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How to be a Cycle Sport Buff

We're mid Vuelta (Tour of Spain). Have you found yourself vacantly nodding along in conversations about the race or frowning at the TV as the commentator describes the on screen fireworks?

Reaching the peak of cycle sport fandom can feel like a full time job, involving hours of research and relentless one-upmanship.
As the Tour of Britain rapidly approaches and a raft of pro team and our own Rapha Condor JLT prepare for the eight stage race, former pro rider turned author and cycling columnist Tom Southam adds some pointers and tips to our guide on how to be a cycle sport buff (or at least how to blag it!).

How to be a buff

Dress the part
SHOP THE TIP: Rapha Condor JLT Replica Saddle | Katusha Cotton Cap | Oakley Radarlock Cavendish Edition

Choose a specialist area
SHOP THE TIP: COPPI by Herbie Sykes | Great Road Climbs of the Pyrenees | Rouelur Issue 38

Know the lingo
RESEARCH THE TIP: The Inner Ring Blog - Lexicon of Cycling

Be obscure

How to be a blagger

There is no point talking about the Giro when everyone's moved onto the Dauphine. Get a basic calendar that lists the Pro Tour and World Tour races.

Reel off a few obscure facts just to blow everyone out of the water. Learn them off by heart and you can rattle them off whenever you need to impress or shut another buff up.

  • According to a former coach, cycling TV presenter Paul Sherwen 'never, ever' wore gloves in his racing days.
  • Lance Armstrong finished last in his first ever World Cup race, the 1992 San Sebastian Classic.
  • Swiss Rider Thomas Wegmuller once lost Paris Roubaix when he got a plastic bag tangled in his rear derailleur in the final sprint.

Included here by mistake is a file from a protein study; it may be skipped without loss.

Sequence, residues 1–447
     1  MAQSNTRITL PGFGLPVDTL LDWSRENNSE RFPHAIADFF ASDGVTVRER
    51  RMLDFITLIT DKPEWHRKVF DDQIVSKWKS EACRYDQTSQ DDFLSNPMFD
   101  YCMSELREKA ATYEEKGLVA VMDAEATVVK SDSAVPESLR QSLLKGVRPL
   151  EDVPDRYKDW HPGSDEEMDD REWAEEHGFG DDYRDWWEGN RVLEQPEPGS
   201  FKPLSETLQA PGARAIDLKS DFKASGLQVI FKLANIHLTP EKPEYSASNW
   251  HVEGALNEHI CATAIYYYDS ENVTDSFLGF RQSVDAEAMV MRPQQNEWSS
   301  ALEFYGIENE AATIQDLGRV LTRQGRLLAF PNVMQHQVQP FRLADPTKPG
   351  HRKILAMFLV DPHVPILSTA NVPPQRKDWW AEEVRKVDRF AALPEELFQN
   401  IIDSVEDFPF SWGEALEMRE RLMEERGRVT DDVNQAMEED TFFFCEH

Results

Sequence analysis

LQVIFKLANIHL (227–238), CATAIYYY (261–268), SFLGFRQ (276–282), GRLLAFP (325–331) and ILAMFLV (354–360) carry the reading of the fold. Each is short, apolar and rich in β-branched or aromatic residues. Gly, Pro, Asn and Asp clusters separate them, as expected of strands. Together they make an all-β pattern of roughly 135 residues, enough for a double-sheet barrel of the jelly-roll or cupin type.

• Another Swiss, Tony Rominger, holds the record for wins in the Vuelta Espana, with three straight wins between 1992 and 1994, when the race was still held in April.
  • Eddy Merckx, the greatest cyclist of all time, has a subway station named after him in Brussels.
  • Frenchman Charly Mottet once won back to back stages of the Tour de France. Not a remarkable feat in itself, except the first was won on a flat stage, when he attacked with a kilometer to go to outfox the sprinters, before taking the second on a mountain top finish the next day.
  • Another Frenchman, Marc Gomez, won the 1983 Milan San Remo as a neo pro after his breakaway companion, Alain Bondue, fell off on the descent of the Poggio.

Knowing a bunch of facts is cool, but if you enjoyed the last 10km, then say so. If you thought Sagan had it wrapped up but he lost, then say that too. Just be mindful you reference a rider that was in the race so not to raise eyebrows from your afficiondo friends.

And, if you make a comment and everyone turns to give you funny looks, just change the subject. Tell them they missed the point of the race where a dog ran out and then walk off.

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